Connectedness

Things happen for a reason. You are sure of it. You are sure of it because in your soul you know that we are all connected. Yes, we are individuals, responsible for our own judgments and in possession of our own free will, but nonetheless we are part of something larger. Some may call it the collective unconscious. Others may label it spirit or life force. But whatever your word of choice, you gain confidence from knowing that we are not isolated from one another or from the earth and the life on it. This feeling of Connectedness implies certain responsibilities. If we are all part of a larger picture, then we must not harm others because we will be harming ourselves. We must not exploit because we will be exploiting ourselves. Your awareness of these responsibilities creates your value system. You are considerate, caring, and accepting. Certain of the unity of humankind, you are a bridge builder for people of different cultures. Sensitive to the invisible hand, you can give others comfort that there is a purpose beyond our humdrum lives. The exact articles of your faith will depend on your upbringing and your culture, but your faith is strong. It sustains you and your close friends in the face of life’s mysteries.

Arranger

You are a conductor. When faced with a complex situation involving many factors, you enjoy managing all of the variables, aligning and realigning them until you are sure you have arranged them in the most productive configuration possible. In your mind there is nothing special about what you are doing. You are simply trying to figure out the best way to get things done. But others, lacking this theme, will be in awe of your ability. “How can you keep so many things in your head at once?” they will ask. “How can you stay so flexible, so willing to shelve well-laid plans in favor of some brand-new configuration that has just occurred to you?” But you cannot imagine behaving in any other way. You are a shining example of effective flexibility, whether you are changing travel schedules at the last minute because a better fare has popped up or mulling over just the right combination of people and resources to accomplish a new project. From the mundane to the complex, you are always looking for the perfect configuration. Of course, you are at your best in dynamic situations. Confronted with the unexpected, some complain that plans devised with such care cannot be changed, while others take refuge in the existing rules or procedures. You don’t do either. Instead, you jump into the confusion, devising new options, hunting for new paths of least resistance, and figuring out new partnerships—because, after all, there might just be a better way.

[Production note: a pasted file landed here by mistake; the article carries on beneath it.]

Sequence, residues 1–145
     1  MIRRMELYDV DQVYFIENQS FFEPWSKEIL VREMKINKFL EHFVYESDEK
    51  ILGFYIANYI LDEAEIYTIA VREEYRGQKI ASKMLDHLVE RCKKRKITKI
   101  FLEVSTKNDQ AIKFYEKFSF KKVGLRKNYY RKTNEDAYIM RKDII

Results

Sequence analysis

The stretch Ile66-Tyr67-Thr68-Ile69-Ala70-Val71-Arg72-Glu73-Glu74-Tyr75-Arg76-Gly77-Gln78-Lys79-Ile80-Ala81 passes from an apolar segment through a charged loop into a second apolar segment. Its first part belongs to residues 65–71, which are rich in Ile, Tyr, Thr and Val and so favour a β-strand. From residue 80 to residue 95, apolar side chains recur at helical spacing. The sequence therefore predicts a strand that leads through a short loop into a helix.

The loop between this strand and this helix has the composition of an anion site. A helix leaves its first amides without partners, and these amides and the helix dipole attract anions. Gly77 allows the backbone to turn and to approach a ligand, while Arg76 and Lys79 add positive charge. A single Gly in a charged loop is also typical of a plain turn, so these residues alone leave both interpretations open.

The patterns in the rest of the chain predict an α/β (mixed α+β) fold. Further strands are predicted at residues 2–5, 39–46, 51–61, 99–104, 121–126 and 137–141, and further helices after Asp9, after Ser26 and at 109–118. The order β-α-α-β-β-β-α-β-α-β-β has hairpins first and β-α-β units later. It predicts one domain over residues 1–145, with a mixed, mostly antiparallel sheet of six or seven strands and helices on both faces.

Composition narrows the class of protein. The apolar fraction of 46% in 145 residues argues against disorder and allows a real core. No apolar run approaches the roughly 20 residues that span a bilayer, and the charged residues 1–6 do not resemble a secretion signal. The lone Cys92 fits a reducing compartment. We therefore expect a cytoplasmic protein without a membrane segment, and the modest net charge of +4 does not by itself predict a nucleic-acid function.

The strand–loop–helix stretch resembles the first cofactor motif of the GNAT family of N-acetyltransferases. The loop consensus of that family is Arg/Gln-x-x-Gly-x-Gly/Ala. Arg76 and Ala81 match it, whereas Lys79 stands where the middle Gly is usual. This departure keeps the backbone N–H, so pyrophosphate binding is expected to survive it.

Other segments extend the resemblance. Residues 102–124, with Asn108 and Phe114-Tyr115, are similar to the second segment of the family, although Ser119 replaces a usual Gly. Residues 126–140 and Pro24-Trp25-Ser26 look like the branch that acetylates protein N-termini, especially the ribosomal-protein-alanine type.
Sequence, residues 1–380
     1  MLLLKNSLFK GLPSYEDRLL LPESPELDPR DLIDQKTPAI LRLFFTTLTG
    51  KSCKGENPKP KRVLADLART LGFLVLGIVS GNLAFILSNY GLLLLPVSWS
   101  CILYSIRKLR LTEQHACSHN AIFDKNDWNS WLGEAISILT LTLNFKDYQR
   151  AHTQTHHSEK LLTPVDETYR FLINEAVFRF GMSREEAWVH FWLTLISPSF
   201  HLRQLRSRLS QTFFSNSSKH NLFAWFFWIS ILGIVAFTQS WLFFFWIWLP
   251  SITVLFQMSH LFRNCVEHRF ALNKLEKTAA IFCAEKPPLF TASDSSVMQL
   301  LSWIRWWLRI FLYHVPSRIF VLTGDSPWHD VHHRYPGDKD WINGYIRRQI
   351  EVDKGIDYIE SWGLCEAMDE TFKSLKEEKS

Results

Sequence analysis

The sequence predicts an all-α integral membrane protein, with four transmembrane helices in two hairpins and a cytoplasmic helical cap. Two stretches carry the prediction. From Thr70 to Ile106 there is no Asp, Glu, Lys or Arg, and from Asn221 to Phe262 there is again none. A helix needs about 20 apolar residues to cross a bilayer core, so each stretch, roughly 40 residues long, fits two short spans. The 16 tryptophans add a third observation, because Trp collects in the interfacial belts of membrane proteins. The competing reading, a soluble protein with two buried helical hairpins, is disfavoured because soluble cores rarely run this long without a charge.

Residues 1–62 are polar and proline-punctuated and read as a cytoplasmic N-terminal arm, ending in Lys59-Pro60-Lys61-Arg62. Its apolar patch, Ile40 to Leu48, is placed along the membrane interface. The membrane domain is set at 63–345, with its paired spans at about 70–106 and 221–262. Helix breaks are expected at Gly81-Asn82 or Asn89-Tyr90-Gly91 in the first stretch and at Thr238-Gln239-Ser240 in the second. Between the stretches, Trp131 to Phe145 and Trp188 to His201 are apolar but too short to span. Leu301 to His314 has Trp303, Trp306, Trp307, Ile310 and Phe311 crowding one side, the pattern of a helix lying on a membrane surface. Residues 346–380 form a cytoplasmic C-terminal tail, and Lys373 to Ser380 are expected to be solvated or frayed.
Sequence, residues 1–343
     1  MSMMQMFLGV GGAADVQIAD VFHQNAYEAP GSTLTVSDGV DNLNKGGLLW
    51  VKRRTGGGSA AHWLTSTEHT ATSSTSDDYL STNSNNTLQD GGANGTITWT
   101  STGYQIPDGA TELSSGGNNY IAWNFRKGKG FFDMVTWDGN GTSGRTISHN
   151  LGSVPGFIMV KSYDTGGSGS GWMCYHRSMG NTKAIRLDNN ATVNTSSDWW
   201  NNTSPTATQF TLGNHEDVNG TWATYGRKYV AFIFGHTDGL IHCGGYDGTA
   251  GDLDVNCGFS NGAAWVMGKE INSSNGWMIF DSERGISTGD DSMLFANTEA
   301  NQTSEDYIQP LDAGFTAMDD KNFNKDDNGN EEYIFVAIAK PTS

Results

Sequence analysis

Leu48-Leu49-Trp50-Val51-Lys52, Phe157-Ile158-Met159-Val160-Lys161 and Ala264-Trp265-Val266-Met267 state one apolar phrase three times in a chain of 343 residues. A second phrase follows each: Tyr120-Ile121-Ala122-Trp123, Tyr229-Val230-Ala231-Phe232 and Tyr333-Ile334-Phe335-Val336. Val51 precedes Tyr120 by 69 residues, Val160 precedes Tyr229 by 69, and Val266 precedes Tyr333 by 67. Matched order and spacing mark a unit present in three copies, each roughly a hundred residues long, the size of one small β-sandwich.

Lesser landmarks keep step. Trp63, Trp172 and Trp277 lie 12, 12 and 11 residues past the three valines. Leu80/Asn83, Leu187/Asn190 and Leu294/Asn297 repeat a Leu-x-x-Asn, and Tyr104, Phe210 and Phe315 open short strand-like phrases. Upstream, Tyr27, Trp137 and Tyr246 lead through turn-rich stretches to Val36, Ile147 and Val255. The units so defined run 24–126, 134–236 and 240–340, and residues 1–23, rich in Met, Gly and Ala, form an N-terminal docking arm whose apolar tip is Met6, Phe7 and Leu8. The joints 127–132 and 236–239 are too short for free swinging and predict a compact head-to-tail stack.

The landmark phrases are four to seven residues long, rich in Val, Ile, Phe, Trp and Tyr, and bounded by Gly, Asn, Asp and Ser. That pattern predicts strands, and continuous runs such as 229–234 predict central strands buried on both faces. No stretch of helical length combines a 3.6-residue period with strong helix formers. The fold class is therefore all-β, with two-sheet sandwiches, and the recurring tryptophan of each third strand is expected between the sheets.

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Personality Types and Change Management
Oct 1 2012

Organizational alignment, managing change, and/or getting ready for company growth is not easy.  Companies who spend time addressing organizational health definitely have a competitive advantage.  One way to help assess health is to help management and everyone on the team understand their strengths and weaknesses.  I’ve written on this blog several times about self analysis and assessments from Strengths Finder 2.0 to career inventory tests to reading tons of articles fiction or non-fiction based.

One tool that many companies and business schools use is Myers-Briggs.  I have taken that assessment 3 times and each time I am an ENTJ.  I recently took it again as part of a management team exercise and my T was softer (probably due to the tons of heart related work I’ve done) and my J was stronger (probably because I’ve had to rely more on my planning skills with 2 kids, working full time, consulting part time, and attempting to work on my music).

Below is an infographic on Myers-Briggs Personality Type and Social Media Usage and here are some other interesting articles having to do with how people process decisions and change:

Ten Reasons People Resist Change

7 Social Psychology Studies to Help You Convert Prospects into Paying Customers

Making Choices: How Your Brain Decides